The Fire Was The Easy Part

Lea Hernandez is trying to get her life together after her house burned down. She’s having a hard time dealing with insurance agents and realtors, or as she puts it, “We are now the stars of our very own midget clown fuckdown rodeo.”

If you, knowledgeable and informed reader, have any suggestions on how to handle difficult claims adjusters, Lea could use some helpful comments on her blog.

Comments

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  1. homerjay says:

    She needs to hire a mediator. She shouldn’t be dealing with the insurance company herself. They’ll screw the bowel out of her. (Thats worse than screwing the shit out of someone)

    They usually come out of the woodwork and promise to get her a huge settlement. Speaking from second hand experience, they actually do. A good one at least. How do you find a good one? Not sure. I just know they’re worth what you pay them.

  2. Shaggy says:

    My house burned down a while ago (1992), so I’ve got a few bits of advice:

    1) GET EVERYTHING IN WRITING

    If something your adjuster says doesn’t sound right, get them to put it in writing, and have them sign it.

    2) YOU ARE IN CONTROL

    The adjuster will tell you otherwise. But, it’s your settlement. You don’t have to pay for things you don’t want to, within reason. For example: my adjuster wanted to have just about everything in the house “recovered” (that is, cleaned up with all the toxins removed). This is REALLY expensive. We didn’t want to pay to have ALL of my sister’s stuffed animals recovered (which would have cost almost $10,000), but our adjuster balked and told us we had to do it. That is, until we asked her to put it in writing (see above); then, she backed down.

    3) GET A LAWYER

    You’ll have to threaten legal action AT LEAST three or four times to get them to give you what they owe you. They won’t take your threats seriously if you don’t have a lawyer. Plus, a lawyer will help you read (and understand) the three million pages of paperwork you’ll have to sign.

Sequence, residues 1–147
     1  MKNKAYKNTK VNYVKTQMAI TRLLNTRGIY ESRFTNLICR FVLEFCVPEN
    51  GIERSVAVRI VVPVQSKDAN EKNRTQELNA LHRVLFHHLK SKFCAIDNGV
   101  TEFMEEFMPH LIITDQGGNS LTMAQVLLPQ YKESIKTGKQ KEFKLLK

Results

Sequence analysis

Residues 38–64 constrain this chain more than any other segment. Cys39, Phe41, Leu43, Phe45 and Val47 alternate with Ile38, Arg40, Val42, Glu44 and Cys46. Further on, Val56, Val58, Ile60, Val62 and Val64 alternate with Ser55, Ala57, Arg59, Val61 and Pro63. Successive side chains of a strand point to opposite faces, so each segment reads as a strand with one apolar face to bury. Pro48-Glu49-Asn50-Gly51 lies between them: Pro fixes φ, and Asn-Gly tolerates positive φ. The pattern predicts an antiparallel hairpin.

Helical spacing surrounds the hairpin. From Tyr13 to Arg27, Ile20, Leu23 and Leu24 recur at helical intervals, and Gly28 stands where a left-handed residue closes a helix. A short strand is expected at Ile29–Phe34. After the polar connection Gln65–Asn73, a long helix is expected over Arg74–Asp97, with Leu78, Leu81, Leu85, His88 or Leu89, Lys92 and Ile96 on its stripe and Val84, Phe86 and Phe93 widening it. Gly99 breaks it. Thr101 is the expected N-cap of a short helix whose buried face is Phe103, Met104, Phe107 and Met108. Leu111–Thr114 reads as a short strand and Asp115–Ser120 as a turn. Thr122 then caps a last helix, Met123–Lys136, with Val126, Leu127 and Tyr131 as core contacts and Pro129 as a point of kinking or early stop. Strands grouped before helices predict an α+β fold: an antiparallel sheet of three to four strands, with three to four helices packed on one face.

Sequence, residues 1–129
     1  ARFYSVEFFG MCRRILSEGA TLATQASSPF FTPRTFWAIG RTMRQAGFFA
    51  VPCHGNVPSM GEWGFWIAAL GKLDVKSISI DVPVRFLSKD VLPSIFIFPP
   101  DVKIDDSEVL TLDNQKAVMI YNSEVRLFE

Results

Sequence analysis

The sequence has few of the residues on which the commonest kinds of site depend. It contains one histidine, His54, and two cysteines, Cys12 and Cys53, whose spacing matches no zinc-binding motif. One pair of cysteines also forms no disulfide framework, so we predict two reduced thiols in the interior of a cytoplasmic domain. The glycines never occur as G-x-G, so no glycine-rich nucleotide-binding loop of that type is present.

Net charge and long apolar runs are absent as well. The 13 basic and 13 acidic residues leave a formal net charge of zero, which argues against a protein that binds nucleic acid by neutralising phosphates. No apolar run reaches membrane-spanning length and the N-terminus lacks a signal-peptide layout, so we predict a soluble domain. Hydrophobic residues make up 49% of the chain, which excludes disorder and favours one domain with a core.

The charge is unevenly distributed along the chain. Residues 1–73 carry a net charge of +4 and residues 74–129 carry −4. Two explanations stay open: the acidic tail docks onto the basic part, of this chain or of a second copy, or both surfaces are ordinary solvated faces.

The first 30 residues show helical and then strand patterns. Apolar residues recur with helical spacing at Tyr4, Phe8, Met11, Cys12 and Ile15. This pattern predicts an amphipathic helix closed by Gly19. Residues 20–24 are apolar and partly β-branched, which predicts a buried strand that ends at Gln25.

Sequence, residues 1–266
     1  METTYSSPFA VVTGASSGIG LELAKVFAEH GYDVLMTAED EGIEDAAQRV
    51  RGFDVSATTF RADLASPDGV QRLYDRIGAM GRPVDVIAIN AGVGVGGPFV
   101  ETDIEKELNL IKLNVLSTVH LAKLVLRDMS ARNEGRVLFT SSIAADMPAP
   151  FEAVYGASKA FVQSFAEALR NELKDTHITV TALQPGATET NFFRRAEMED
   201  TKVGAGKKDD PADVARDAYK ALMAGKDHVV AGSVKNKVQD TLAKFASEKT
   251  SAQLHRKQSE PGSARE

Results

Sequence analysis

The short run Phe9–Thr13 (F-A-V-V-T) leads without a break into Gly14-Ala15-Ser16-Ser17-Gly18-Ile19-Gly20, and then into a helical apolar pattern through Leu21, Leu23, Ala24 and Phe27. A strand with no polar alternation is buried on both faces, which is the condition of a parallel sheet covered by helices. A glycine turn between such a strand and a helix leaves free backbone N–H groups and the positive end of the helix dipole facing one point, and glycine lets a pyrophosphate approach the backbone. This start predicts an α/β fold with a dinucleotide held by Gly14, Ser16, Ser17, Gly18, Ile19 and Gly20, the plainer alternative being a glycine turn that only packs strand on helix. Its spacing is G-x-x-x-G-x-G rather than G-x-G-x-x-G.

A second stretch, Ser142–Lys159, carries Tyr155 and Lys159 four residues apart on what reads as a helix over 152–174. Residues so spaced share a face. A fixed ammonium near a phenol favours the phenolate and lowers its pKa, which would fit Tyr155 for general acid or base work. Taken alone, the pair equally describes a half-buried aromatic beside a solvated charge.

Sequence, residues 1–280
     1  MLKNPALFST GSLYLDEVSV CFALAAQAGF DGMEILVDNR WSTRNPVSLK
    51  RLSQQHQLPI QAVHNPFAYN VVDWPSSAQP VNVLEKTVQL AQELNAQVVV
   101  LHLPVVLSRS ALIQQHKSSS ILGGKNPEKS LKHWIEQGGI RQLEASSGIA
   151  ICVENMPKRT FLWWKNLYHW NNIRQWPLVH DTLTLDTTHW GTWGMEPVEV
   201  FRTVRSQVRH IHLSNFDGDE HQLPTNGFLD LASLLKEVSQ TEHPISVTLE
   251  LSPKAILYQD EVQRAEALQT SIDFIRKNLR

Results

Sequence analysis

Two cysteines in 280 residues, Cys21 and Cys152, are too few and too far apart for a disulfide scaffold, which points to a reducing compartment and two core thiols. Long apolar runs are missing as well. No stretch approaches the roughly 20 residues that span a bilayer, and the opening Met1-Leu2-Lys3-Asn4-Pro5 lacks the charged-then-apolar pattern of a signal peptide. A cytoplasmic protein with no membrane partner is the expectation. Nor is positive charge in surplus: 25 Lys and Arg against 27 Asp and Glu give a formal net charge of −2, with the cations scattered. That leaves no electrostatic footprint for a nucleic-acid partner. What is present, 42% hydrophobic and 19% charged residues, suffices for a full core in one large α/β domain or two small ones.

4) DOCUMENT EVERYTHING

    If you have to pay for ANYTHING, save the receipt. Write down the dates and times of every conversation with your adjuster (or the insurance company). EVERYTHING. Phone calls, personal conversations, whatever. Also write a brief summary of the topic of conversation.

    5) IF THE INSURANCE COMPANY PAYS FOR HOUSING, DON’T LET THEM PUT YOU IN REALLY, REALLY NICE HOUSING

    The insurance company will want to put you up in a nice, big, beautiful apartment or long-term-stay hotel. Do not let them. The money for this comes out of your settlement; the insurance company know this and will put you up in a property that they either own or that they have an existing relationship with. What does this mean? It means that the company may only be paying $200-$300 a month to put you up, but it will cost you much, MUCH more (in my case, the company put us up in an apartment that they owned, at a cost of $1500 a month to me).

    This doesn’t mean that you have to live in a rat-infested hovel, just that you don’t have to live in a palace while you’re looking for someplace else to live. If you can stay with family, DO IT. That means more money for a house or whatever.

    I may have just had a bad experience with my insurance adjuster (she’s STILL serving a jail sentance for multiple counts of fraud…testifying was such sweet revenge), but learn from my experience. Better safe than sorry.

  3. juri squared says:

    Oh, I’m really glad you posted this. I’ve been a longtime reader of my blog and her situation is just heartbreaking.

    Fortunately, it does seem as though she’s since gotten the adjuster’s ass handed to him. Hooray!

  4. riggs says:

    A couple things here. First, use some basic common sense. Keep in contact with not just the adjustor, but your agent as well, as a good agent can talk to people in the company that you probably can’t. Secondly, I agree with documenting everything you can. There’s no such thing as overly meticulous records. The last thing is to KNOW YOUR POLICY. I can’t stress that last one enough. You need to know exactly what’s covered, exactly what isn’t, and what the coverage amounts are. This makes it a lot easier to have an informed conversation with your adjustor, which in turn helps you get what you’re entitled to.

  5. chrissy2006 says:

    My heart indeed goes out for her. She is quite a lady isn’t she? But can she make her way out on this? She’ll get screwed!
    http://www.isbaltimores.com

  6. madderhatter says:

    Every state has an office for dealing with insurance adjusters and agents. They regulate all aspects of insurance with the state, including fraud. Just look for Dept of Insurance or Div of Consumer Services – it will be something similar to those. I don’t know what state you’re in or I’d find the site for you.